Indeed. And what Corroon's company, Harmony Pharmacy & Health Center, is hoping to do as it lays the groundwork for what it plans will be 100 such pharmacies nationwide, is to tap a nascent market for travelers and airport workers, who spend their days in what amounts to an immense, enclosed city with--at least in the U.S.--no pharmacies.
As reported in Marketing Daily earlier this week, a number of pharmacies--including CVS/Pharmacy and Walgreen's--are opening clinics in their stores. But none have ventured into an airport. Corroon says the nearly hermetic thoroughfares of an air terminal constitute the perfect ecosystem for his business model, based on a high level of personal service and speed.
Harmony's European-styled and service-oriented retail environment will fill most of its prescriptions for airport employees while selling over-the-counter drugs and apothecary fare to travelers. Corroon says the clinic will also operate an in-store clinic staffed by physician's assistants or nurse practitioners, who can order tests, perform diagnostics and prescribe medicines.
Corroon says the pharmacy has grabbed a niche because the 24 million-plus travelers passing through the terminal each year will--thanks to post-9/11 security measures--do so without gels, toothpaste and a lot of other cosmetic and hygienic products. Since the pharmacy is on the so-called air side of the terminal, such products are saleable. Also, the pharmacy will deliver prescriptions anywhere in the airport.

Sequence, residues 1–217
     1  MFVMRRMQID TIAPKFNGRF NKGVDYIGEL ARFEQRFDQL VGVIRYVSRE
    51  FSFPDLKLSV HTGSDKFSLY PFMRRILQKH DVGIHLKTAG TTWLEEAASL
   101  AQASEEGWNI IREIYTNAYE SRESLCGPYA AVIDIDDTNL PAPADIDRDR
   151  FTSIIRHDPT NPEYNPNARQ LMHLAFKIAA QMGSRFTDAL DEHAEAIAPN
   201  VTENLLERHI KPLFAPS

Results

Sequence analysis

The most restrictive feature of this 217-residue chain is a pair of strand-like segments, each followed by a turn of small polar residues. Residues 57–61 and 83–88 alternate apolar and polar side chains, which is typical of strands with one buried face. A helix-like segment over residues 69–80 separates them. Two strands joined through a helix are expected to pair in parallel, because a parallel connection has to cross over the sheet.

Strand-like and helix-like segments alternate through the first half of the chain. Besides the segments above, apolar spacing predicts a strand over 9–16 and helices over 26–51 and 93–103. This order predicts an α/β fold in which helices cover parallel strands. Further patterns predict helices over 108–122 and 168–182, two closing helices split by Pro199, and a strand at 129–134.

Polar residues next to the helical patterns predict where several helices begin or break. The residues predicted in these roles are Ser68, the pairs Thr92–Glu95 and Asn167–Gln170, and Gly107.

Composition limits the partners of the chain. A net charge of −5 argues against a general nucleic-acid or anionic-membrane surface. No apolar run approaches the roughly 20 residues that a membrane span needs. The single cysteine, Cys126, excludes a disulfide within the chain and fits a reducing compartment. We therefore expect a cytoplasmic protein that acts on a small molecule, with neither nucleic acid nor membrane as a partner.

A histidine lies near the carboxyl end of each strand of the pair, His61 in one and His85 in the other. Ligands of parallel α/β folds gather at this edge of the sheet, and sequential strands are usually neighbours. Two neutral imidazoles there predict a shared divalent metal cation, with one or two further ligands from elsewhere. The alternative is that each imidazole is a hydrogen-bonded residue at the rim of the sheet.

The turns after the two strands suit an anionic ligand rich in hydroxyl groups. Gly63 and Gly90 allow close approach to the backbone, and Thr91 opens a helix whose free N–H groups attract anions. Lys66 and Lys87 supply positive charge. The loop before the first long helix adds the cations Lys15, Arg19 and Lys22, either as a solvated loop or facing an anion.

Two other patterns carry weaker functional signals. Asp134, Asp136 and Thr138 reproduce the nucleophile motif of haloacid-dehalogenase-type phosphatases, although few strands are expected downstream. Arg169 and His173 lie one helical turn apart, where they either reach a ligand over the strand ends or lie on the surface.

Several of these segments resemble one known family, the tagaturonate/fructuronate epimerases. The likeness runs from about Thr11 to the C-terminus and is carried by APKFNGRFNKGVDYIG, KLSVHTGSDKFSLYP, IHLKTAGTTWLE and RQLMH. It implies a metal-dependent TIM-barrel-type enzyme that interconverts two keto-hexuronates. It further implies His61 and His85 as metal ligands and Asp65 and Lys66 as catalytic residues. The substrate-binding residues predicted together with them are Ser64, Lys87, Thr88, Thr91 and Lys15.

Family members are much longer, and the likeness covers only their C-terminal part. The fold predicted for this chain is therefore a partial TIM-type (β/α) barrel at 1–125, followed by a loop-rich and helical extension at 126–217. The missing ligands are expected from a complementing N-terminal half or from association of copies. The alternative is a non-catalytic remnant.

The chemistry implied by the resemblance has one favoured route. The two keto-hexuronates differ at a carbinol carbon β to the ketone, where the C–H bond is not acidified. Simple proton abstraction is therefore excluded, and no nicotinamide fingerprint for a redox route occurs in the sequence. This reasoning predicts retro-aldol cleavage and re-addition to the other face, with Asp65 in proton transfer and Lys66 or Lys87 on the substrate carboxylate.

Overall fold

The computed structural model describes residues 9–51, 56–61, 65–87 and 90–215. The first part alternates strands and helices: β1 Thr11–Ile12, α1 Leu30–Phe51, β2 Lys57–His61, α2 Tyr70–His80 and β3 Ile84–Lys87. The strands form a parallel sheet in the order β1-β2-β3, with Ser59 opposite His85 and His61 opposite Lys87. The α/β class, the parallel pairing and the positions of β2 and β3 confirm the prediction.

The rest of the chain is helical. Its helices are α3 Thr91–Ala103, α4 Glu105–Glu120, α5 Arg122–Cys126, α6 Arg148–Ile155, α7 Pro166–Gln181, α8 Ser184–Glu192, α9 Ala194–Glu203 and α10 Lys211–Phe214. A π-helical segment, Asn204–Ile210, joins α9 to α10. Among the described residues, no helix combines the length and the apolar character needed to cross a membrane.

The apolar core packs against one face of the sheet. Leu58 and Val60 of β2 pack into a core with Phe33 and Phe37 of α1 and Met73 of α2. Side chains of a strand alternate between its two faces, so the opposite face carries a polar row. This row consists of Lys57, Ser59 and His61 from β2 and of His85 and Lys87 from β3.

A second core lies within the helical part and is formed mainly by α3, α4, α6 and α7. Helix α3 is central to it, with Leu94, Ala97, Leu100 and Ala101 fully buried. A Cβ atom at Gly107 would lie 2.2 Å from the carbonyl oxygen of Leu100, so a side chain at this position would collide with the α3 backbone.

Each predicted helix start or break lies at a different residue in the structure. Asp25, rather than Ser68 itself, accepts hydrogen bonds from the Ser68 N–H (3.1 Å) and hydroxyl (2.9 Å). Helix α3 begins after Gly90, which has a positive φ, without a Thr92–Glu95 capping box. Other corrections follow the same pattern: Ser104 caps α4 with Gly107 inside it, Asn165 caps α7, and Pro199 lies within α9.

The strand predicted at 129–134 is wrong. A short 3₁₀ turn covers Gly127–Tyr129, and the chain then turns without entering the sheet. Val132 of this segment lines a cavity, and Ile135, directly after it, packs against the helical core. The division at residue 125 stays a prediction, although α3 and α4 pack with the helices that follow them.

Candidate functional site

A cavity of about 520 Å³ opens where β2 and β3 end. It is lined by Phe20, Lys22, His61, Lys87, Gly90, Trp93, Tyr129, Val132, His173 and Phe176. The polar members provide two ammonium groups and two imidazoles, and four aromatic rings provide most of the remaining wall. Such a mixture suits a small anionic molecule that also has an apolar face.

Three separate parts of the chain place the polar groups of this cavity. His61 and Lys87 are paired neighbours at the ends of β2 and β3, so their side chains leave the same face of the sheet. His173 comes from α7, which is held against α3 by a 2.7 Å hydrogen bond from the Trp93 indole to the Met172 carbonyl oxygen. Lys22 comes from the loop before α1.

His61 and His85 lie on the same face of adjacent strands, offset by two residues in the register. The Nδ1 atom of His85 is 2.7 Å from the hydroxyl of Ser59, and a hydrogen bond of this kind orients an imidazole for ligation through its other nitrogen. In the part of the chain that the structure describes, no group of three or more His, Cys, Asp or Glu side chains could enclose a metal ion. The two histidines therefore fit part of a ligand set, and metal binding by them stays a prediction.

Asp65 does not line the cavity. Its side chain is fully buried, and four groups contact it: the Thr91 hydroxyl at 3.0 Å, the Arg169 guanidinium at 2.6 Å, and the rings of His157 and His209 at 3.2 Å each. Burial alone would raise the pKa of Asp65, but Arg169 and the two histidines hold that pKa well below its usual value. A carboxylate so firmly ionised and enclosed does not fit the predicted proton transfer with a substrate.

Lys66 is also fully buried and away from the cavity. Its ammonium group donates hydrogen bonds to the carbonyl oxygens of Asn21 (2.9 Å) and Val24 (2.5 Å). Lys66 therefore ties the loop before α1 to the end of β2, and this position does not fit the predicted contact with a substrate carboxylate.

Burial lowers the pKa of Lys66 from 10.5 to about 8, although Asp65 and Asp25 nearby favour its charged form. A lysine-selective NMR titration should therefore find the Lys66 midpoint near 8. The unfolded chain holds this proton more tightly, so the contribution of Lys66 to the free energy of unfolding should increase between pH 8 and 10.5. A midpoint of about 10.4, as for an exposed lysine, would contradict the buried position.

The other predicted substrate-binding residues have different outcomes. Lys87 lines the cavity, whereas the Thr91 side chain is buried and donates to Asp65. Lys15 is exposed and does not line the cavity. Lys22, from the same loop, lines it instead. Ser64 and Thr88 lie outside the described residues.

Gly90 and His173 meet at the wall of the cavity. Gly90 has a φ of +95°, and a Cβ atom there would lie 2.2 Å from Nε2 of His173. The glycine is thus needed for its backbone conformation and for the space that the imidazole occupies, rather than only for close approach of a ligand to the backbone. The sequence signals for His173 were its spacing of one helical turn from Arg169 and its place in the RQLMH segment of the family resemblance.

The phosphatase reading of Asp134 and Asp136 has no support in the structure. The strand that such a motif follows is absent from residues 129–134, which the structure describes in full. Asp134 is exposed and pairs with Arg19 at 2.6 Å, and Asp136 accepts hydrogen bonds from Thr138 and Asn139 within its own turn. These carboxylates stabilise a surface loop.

A former investment banker, Corroon launched the business in 2005 with a Long Island physician. While he conceded that bureaucratic hurdles lengthened the development process, the company expects to open four more pharmacies this year at airports in Texas, Atlanta and New York. The company is also planning stores in venues beyond airports. Harmony Pharmacy is working with financial partner MVC Capital.
"There's a real opportunity to provide a diversified product mix," says Corroon. "Most U.S. chain pharmacies are much more value-oriented and less about the shopping experience and customer service. The focus [here] is on service and a differentiated product mix, with high-end products that you just don't see in pharmacies."
Continental will promote Harmony in its in-flight magazine, per Corroon--who says he expects comparatively little prescription business from travelers.
"There are 25,000 employees at the airport; it's a city in itself, and we are the local pharmacist," he says, adding that Harmony will deliver all prescriptions within the airport. "For employees, people who are busy working, you have to be customer-service oriented. But in order to cater to business travelers, you have to also be focused on moving quickly."